Russian Missiles Arrive In Syria
The Israeli media have been quoting Arab news media reports claiming a Russian convoy of game-changing S300 missile batteries are already in Syria.
Citing Arab intelligence sources last week, this column was first to report that some S300 missile batteries reached Syria two weeks ago. At the time, Israeli security sources said there is no information to support the Arab claim. Last week Prime Minister Benjamin Netanyahu flew to Russia to meet with President Vladimar Putin about the S300 sale as well as other security concerns.
Now the Israel media is quoting the London-based Arab paper Al-Quds Al-Arabi, which claims the S300 missiles are currently in Syria under Russian supervision. The report claims the missiles are not yet operational.
Speaking to this column this week, the same Arab intelligence sources who first claimed some S300 batteries were already delivered to Syria now say other advanced Russian antiaircraft missiles arrived in Syria in the last few days. The sources said a Russian delivery of 9K720 Iskander missiles reached Syria last week. The system is an older version of the S300.
Asked about the latest report, Israeli security officials did not immediately comment on the matter.
S300 missile batteries are able to intercept manned aircraft and guided missiles.
Yet More We Didn’t Know About Benghazi
Did the State Department scrub information about a dramatic incident the night of the Sept. 11, 2012, Benghazi attack in which U.S. Embassy staff 400 miles away in Tripoli evacuated their residential compound under a possible terror threat?
The threat was taken so seriously that, according to a key embassy staffer, communications equipment was dismantled and hard drives were smashed with an ax.
The scene was first brought to light in congressional testimony last week by Gregory Hicks, the former U.S. deputy chief of mission in Libya. It remains largely unreported by news media.
The incident also was not mentioned in the State Department probe nor was it previously reported in news accounts of the attack, which the Obama administration first claimed was a result of popular protests of an anti-Mohammed video.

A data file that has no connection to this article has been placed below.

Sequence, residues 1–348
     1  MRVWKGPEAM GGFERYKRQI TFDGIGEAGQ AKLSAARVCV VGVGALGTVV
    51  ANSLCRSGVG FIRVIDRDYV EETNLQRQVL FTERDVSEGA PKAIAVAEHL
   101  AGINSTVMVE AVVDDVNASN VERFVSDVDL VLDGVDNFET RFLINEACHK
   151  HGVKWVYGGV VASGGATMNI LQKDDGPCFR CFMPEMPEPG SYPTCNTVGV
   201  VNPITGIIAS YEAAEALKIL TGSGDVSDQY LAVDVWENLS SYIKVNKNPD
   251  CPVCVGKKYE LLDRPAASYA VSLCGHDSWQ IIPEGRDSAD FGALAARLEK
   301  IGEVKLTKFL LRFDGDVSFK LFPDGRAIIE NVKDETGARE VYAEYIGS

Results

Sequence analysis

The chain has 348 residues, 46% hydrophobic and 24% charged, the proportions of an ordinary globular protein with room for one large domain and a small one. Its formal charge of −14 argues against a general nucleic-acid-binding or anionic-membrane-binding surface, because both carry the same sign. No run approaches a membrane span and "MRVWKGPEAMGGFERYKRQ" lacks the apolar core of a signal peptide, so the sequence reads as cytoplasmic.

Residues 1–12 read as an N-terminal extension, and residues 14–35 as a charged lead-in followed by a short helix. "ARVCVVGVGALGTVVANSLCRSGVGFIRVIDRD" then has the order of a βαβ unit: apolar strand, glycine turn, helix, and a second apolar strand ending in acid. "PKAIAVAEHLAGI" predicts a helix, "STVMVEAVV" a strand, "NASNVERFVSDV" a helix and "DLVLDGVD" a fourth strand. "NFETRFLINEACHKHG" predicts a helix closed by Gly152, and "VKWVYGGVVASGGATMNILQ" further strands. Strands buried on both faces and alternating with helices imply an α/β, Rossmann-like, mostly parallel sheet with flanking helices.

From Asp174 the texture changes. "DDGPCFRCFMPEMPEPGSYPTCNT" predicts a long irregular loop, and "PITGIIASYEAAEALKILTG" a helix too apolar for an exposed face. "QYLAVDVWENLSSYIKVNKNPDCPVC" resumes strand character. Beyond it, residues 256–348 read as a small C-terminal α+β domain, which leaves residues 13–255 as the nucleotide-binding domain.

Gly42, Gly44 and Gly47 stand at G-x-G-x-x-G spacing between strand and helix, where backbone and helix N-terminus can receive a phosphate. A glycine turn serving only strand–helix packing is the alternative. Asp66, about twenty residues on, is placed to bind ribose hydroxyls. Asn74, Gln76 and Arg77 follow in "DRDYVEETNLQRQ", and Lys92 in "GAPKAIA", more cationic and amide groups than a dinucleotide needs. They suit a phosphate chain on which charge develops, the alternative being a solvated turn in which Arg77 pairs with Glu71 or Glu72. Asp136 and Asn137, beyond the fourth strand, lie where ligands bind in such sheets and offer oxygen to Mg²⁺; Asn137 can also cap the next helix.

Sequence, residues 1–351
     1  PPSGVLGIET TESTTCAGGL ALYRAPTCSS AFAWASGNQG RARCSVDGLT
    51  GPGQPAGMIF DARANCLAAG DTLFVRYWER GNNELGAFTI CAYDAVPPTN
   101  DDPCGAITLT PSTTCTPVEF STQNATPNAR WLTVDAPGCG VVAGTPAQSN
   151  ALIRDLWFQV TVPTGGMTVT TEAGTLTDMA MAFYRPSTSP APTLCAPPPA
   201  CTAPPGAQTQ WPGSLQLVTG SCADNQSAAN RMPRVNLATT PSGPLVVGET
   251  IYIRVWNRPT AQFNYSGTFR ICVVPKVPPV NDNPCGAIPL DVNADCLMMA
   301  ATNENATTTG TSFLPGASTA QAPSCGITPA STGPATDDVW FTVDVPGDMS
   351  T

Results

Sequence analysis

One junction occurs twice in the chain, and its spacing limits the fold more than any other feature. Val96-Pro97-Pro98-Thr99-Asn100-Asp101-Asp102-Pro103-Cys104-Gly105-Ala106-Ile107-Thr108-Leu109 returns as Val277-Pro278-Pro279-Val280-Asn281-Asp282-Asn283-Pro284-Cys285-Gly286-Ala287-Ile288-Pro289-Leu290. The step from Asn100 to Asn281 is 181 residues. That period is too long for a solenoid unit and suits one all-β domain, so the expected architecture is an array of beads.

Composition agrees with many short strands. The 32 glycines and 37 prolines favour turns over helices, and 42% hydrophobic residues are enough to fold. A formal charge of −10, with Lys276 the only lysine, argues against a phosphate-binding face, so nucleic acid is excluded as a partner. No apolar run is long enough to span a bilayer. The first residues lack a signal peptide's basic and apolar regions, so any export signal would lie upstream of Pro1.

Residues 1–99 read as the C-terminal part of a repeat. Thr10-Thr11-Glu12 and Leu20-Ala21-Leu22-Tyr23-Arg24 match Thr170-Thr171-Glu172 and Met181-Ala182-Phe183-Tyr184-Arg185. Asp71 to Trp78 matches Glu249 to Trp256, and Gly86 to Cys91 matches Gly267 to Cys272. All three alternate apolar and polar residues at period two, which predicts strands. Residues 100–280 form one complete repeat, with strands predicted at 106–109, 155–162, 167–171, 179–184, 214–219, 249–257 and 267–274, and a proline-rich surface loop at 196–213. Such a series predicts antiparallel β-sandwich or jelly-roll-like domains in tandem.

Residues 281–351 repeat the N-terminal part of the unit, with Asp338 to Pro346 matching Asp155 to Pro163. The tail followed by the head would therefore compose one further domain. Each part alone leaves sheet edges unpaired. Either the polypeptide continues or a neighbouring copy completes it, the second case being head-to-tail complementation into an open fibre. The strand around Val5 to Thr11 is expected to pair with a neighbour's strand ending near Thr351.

In his testimony, Hicks said that about three hours after the attack began on the U.S. facility in Benghazi, the embassy staff in Tripoli noticed Twitter feeds asserting that the terror group Ansar al-Sharia was responsible. Hicks said there was also a call on the social media platform for an attack on the embassy in Tripoli.
“We had always thought that we were…under threat, that we now have to take care of ourselves, and we began planning to evacuate our facility,” he said.
“When I say our facility, I mean the State Department residential compound in Tripoli, and to consolidate all of our personnel…at the annex in Tripoli.”
Hicks said that he “immediately telephoned Washington that news afterwards and began accelerating our effort to withdraw from the Villas compound and move to the annex.”
Continued Hicks: “I have vivid memories of that. I think the most telling, though, was of our communications staff dismantling our communications equipment to take with us to the annex and destroying the classified communications capability.
“Our office manager, Amber Pickens, was everywhere that night just throwing herself into some task that had to be done. First she was taking a log of what we were doing,” he said.
“Then she was loading magazines, carrying ammunition to the – carrying our ammunition supply to…our vehicles, and then she was smashing hard drives with an ax.”
The vivid, nearly unprecedented scene, however, was not reported in the State Department’s description of the Tripoli embassy’s response on the night of the Benghazi attack.
The section of the State Department probe titled “Embassy Tripoli Response” simply says that upon notification of the attack in Benghazi, the U.S. Embassy set up a command center and notified Washington.
SCYTL Technology Coming To
More Polling Booths Near You
The foreign-headquartered company that recently purchased the leading U.S. electronic voting firm has just announced its technology will be deployed at more jurisdictions ahead of the 2014 midterm elections.
A SCYTL company news release boasted that its “electronic pollbook solution recently achieved a significant milestone by eclipsing the 100th implementation in the United States.”
“This number continues to grow with many jurisdictions planning to implement electronic pollbook technology ahead of the 2014 election cycle,” continued the release.
The electronic pollbook reportedly allows U.S. election officials and poll workers to manage the electoral roll on Election Day in an efficient and convenient manner.
SCYTL’s electronic pollbook solution will be utilized in small and large election jurisdictions throughout the nation, including in Washington, D.C.; Galveston County, Texas, along with 50 other Texas counties; Kane County, Ill.; and the city of Peoria, Ill.
In January 2012, SCYTL, based in Barcelona, acquired 100 percent of SOE Software, the leading software provider of election management solutions in the United States. The sale garnered national attention after it was spotlighted by the popular Drudge Report.
About the Author: Aaron Klein is a New York Times bestselling author and senior reporter for WND.com. He is also host of an investigative radio program on New York's 970 AM Radio on Sundays from 7 to 9 p.m. Eastern. His website is KleinOnline.com.
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